Some North Texas cities may be just weeks away from consequential redistricting decisions. This is something residents should pay careful attention to in the coming months.
The U.S. Census Bureau is set to release block-level data on Aug. 16, less than a month from now. Another release of more user-friendly data will follow in September. Cities will have months to plan before districts have to be set for the spring 2023 municipal elections, but some cities are already ramping up commissions and community engagement events.
In Fort Worth, city staff have been hosting a series of 11 public meetings about redistricting. Five of those are training workshops that equip residents with the knowledge and even the software tools to redraw City Council boundaries. Attendees are encouraged to draw their own maps, and submit them to the city.
“All of this is in line with the City Council’s intent to make the redistricting process as transparent and participatory as possible,” Assistant City Manager Fernando Costa told attendees to the first workshop July 12.
In addition to those meetings, Fort Worth has made what Redistricting Task Force Chair Lorraine C. Miller called a genuine and concerted effort to publicize the process.
“Sometimes, the city will put things on the city website and then say, ‘OK, we’ve informed the public,’” Miller said. “But how many people go to the city’s website every day? If you don’t, you won’t know a flat flying fajita about what’s going on with the city.”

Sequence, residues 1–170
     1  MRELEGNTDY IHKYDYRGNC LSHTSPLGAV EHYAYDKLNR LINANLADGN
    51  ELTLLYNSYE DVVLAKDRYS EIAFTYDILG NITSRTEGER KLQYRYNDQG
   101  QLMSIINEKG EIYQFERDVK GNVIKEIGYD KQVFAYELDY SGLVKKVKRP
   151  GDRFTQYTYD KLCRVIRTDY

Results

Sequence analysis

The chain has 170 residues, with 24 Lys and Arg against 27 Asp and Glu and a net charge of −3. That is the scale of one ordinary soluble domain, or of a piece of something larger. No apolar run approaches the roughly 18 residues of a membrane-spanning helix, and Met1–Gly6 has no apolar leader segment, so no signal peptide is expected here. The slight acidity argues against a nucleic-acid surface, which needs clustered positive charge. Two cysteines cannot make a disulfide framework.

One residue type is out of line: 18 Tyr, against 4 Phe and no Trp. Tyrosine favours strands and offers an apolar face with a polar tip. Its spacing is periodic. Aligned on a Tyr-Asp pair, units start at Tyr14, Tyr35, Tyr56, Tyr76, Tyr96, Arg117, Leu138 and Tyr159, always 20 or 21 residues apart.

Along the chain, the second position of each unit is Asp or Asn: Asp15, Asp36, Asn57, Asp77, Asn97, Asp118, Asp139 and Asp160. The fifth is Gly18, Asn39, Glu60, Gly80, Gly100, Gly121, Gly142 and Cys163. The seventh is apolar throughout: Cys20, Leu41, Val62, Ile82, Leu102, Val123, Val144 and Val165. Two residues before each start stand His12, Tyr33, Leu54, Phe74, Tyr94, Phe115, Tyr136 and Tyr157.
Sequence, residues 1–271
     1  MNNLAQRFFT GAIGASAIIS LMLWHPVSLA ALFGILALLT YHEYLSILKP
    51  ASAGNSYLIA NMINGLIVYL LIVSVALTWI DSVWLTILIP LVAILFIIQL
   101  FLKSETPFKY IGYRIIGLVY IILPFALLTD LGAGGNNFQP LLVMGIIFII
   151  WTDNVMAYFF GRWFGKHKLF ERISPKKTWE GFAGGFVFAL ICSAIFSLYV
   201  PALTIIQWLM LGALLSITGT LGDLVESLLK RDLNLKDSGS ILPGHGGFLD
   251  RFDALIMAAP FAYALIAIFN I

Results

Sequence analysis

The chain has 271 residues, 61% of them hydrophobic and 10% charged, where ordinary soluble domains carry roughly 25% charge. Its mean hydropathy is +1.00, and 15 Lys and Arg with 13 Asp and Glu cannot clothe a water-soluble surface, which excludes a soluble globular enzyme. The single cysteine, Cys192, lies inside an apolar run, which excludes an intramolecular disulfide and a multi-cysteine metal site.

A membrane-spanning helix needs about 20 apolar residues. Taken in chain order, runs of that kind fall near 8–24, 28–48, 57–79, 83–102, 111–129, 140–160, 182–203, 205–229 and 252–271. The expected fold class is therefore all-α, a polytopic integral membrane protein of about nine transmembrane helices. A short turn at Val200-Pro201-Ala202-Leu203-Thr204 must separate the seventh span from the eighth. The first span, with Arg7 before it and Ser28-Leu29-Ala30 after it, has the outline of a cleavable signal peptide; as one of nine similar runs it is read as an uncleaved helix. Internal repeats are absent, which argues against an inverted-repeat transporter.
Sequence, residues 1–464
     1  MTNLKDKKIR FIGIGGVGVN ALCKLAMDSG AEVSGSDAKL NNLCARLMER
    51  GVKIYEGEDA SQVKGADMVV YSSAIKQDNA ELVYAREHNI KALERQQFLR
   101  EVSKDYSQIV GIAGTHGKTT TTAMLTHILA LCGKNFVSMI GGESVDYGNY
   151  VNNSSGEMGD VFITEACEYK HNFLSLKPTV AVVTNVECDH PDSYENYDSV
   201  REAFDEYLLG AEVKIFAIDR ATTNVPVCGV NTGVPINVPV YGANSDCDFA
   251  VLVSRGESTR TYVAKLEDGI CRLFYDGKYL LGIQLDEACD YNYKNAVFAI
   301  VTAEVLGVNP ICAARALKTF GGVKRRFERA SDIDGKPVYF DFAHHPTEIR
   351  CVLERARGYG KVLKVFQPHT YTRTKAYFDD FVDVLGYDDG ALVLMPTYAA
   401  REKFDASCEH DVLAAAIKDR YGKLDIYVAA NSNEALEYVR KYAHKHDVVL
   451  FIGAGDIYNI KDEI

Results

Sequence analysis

So her task force conducted a media blitz. They sent press releases. Miller was interviewed by KXAS-TV (NBC5).
The first public hearing on redistricting, all the way back in January, was viewed online by more than 7,800 people, according to Michelle L. Gutt, director of Fort Worth’s Communications and Public Engagement Department.
“We had a lot of discussions about trying to capitalize on the awakening in Fort Worth lately. Because of the summer of protests, overall, I think people are much more aware,” Miller said. “We wanted to piggyback on that to let people know what’s going on.”
In Dallas, the effort is far behind that pace, but city officials say there’s plenty of time.
Brett Wilkinson, the city’s director of the office of government affairs, said 10 of the 15 seats on the redistricting commission have been filled, and he expects that body to be up and running by the end of August.
“If we’re still talking about this after the first of the year, that would be alarming,” City Council member Paula Blackmon said.
Wilkinson said news will be made available on the city’s website as the process ramps up. We encourage readers and residents to participate and stay informed, to ensure they know more than “a flat flying fajita” about what’s going on in their city, to use Miller’s phrase. As Miller told us: “Redistricting is such an important, local government function. It really affects people’s lives and how they are represented.”
Fort Worth’s socially aware, proactive approach will reap benefits in more community engagement and public trust. When government is transparent and connected to constituents, it can be more effective.
“I think a lot of why we had a big push for an independent redistricting commission was because folks felt the council would go into a room to themselves and then they would start horse trading,” Miller said. “The public loses in that scenario.”
She’s right. We encourage Dallas and other cities to follow Fort Worth’s lead here to build a robust community engagement program that invites participation and dispels skepticism.